Not interacting with people who express an interest in an artist's work therefore exacerbates this divide. So many people come up to me at the market and tell me they had a terrible time with art at school, that their teacher tore their work or their confidence to shreds. If an artist gives such individuals the cold shoulder in response to their congratulations/ queries, most often people reiterate to themselves, even unconsciously, that they are not good enough to interact with art.

If an artist can't interact with their supporters to make them feel their congratulations are valued, why put their artwork out there in the first place? Excuses like 'I don't have time' are, quite frankly, bullshit. If an artist doesn't have time to say thank-you, they don't truly value what they do.

Worse than being ignored is the fobb-off. I make art almost exclusively to collect it, and like 90% of the wonderful people who have and continue to support my work, I like to buy direct from the artist. And I love the interaction that goes with it. So, if I'm thanked in a perfunctory sort of way (online) for my interest/ purchase feedback and then promptly redirected to an artist's blog/ Facebook page/ Etsy shop, I've already tuned out. Shunning discussion in favour of redirecting your audience to another inaminate online application communicates only that you consider individuals as numbers. I know just what sort of sacrifices it costs to be in the position where I can make art full-time- why waste it by alienating your audience?

Ugly manners make the prettiest of pictures much less appealing.

As a potential customer, I absolutely want to know that my hard-earned money is going toward supporting someone else's dream, that they'll use their earnings to make more wonderful things, to develop as an artist and that they can take heart in being congratulated when faced with a creative block. Everyone, whatever their profession or passion, wants to feel valued. 'Thank-you' is the only response anyone should ever give to a sincere compliment. It's not a particularly Aussie thing to do, to sit back and be self-satisfied with loads of praise, and I admit it still does make me blush sometimes. But I'm not talking about being conceited here; there is no excuse for not accepting a compliment graciously or for fobbing someone off.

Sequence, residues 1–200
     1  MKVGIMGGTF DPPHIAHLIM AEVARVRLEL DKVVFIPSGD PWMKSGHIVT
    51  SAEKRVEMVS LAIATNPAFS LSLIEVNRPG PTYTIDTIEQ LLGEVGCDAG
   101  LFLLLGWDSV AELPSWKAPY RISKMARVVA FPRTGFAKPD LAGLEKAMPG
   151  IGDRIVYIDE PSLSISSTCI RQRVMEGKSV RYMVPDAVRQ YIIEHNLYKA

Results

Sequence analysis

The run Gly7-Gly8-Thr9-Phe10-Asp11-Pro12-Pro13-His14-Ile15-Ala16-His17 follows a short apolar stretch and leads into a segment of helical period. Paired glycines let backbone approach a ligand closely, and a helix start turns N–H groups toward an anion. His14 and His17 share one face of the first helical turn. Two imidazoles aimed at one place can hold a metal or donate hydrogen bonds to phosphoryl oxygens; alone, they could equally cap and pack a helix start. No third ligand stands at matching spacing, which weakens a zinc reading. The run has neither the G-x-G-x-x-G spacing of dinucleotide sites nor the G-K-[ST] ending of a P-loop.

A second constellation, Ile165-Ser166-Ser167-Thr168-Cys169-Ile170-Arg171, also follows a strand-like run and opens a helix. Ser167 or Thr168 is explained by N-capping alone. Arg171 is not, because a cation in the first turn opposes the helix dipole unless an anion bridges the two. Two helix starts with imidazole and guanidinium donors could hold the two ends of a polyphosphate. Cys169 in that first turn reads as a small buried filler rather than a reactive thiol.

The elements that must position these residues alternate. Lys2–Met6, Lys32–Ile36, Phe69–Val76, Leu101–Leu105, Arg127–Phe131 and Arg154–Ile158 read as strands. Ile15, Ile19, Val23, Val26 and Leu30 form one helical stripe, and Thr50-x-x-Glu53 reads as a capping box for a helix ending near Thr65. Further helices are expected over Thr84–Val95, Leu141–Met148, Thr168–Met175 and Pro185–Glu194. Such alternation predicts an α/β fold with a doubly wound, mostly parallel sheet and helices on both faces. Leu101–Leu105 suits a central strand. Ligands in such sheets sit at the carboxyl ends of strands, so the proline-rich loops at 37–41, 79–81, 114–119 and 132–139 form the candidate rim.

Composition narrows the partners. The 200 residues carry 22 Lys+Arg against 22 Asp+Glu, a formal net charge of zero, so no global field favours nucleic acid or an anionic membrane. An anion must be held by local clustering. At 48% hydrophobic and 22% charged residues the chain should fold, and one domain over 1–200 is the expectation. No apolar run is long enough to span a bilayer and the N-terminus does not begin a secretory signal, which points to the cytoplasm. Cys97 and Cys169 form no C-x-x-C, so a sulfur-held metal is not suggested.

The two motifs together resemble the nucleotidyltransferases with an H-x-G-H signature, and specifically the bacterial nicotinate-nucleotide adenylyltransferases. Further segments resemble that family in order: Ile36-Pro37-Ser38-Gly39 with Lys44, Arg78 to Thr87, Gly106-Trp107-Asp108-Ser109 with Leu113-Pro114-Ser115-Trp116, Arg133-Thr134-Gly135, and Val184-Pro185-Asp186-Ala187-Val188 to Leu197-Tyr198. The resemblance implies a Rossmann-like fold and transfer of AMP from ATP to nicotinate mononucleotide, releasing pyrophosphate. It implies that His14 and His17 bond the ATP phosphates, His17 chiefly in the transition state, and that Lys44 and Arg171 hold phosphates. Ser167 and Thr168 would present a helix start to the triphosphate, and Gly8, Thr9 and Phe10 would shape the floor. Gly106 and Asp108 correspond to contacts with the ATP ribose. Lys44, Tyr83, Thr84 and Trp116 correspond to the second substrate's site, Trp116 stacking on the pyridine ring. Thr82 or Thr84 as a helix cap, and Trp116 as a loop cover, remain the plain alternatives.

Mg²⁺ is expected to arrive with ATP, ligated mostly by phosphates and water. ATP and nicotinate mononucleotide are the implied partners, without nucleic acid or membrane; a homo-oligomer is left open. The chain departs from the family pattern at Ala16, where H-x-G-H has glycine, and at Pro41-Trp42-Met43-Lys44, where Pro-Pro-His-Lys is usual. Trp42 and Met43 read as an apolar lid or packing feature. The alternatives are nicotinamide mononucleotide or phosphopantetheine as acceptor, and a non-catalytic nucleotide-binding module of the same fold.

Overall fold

I encourage, in fact I urge, everyone, to judge an artist on the way they treat those who wish to support them. I will not buy work from anyone who can't say 'thank-you' or 'you're welcome', or who forgets the potential art can make upon a life. And no, I won't 'like' your Facebook page either- I don't subscribe to arts-hole.

I do not for a minute forget that it is the people who read, buy and support my work that allow me to be here, still making it. Without these wonderful people, I'd still be teaching, probably earning a lot more, with less personal time and feeling like something was missing from my life. I have chosen to live my life this way, and I certainly don't think I'm better or lesser than anyone else, artist or no. I've made my decisions.